Public Versus Private Initiative in Arctic Exploration: The Effects of Incentives and Organizational Structure

41 Pages Posted: 9 May 2000 Last revised: 21 Jun 2017

See all articles by Jonathan M. Karpoff

Jonathan M. Karpoff

University of Washington - Michael G. Foster School of Business; European Corporate Governance Institute (ECGI)

Date Written: 2001


From 1818 to 1909, 35 government and 57 privately-funded expeditions sought to locate and navigate a Northwest Passage, discover the North Pole, and make other significant discoveries in arctic regions. Most major arctic discoveries were made by private expeditions. Most tragedies were publicly funded. By other measures as well, publicly-funded expeditions performed poorly. On average, 5.9 (8.9%) of their crew members died per outing, compared to 0.9 (6.0%) for private expeditions. Among expeditions based on ships, those that were publicly funded used an average of 1.63 ships and lost 0.53 of them. Private ship-based expeditions, in contrast, used 1.15 ships and lost 0.24 of them. Of public expeditions that lasted longer than one year, 47% were debilitated by scurvy, compared to 13% for private expeditions. Although public expeditions made some significant discoveries, they did so at substantially higher cost (as measured by crew size or vessel tonnage) than private discoveries. Multivariate tests indicate that these differences are not due to differences in the exploratory objectives sought, country of origin, the number of previous expeditions on which the leader served, or the decade in which the expedition occurred. Rather, they are due to systematic differences in the ways public and private expeditions were organized. Historical accounts indicate that, compared to private expeditions, public expeditions: (1) employed leaders that were relatively unmotivated and unprepared for arctic exploration; (2) separated the initiation and implementation functions of executive leadership; and (3) adapted slowly to new information about clothing, diet, shelter, modes of arctic travel, organizational structure, and optimal party size. These shortcomings resulted from, and contributed to, poorly aligned incentives among key contributors.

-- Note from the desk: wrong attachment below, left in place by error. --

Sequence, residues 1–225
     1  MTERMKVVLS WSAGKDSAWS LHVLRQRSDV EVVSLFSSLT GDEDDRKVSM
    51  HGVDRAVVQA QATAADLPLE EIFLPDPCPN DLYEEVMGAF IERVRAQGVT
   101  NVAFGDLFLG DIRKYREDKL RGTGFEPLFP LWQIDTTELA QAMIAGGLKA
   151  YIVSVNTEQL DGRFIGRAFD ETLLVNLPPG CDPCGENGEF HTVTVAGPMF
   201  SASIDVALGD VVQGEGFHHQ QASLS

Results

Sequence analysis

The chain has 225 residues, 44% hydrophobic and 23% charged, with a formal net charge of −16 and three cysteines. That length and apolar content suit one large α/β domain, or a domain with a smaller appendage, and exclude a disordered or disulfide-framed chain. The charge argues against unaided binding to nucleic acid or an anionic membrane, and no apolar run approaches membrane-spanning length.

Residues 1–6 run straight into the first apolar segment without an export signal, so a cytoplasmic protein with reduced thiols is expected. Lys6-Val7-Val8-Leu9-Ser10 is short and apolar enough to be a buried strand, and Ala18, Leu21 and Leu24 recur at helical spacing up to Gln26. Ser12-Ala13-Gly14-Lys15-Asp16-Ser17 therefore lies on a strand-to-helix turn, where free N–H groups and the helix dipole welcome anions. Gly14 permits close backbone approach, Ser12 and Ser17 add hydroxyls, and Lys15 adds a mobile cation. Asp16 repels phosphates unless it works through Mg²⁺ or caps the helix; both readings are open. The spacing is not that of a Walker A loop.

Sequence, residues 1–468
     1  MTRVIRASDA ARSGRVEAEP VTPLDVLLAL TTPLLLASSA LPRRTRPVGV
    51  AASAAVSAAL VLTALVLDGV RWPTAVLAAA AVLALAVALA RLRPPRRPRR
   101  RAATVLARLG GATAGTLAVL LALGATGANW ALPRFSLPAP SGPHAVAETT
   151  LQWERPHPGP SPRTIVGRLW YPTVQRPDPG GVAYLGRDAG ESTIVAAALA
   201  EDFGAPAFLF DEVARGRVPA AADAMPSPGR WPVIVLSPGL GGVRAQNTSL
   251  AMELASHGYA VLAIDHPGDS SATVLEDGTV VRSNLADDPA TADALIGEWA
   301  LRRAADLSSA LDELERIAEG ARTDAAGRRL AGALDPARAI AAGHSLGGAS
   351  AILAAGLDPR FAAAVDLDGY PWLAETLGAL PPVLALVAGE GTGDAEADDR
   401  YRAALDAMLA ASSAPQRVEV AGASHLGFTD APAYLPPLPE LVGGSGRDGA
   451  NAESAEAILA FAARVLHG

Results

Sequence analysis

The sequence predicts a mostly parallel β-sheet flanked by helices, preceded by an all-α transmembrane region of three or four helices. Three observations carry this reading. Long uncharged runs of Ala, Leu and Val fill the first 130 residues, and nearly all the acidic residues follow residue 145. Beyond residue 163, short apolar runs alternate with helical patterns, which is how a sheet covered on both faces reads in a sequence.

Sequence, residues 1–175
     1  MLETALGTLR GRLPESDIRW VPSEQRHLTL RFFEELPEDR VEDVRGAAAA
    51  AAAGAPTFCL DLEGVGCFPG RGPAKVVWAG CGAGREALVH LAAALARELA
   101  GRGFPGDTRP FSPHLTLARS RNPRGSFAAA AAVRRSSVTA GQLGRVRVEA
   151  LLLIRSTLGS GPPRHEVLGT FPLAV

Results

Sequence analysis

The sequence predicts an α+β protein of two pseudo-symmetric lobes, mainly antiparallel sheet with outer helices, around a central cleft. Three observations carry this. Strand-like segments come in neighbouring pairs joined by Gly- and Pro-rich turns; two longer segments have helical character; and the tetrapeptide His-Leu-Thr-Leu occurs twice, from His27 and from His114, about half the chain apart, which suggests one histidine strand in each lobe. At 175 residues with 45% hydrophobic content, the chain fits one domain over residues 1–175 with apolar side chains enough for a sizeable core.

JEL Classification: D73, L33, G38, H11, L22, N40

Suggested Citation

Karpoff, Jonathan M., Public Versus Private Initiative in Arctic Exploration: The Effects of Incentives and Organizational Structure (2001). Journal of Political Economy, Vol. 107, No. 4 (February 2001), pp. 38-78., Available at SSRN: or

Jonathan M. Karpoff (Contact Author)

University of Washington - Michael G. Foster School of Business ( email )

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European Corporate Governance Institute (ECGI) ( email )

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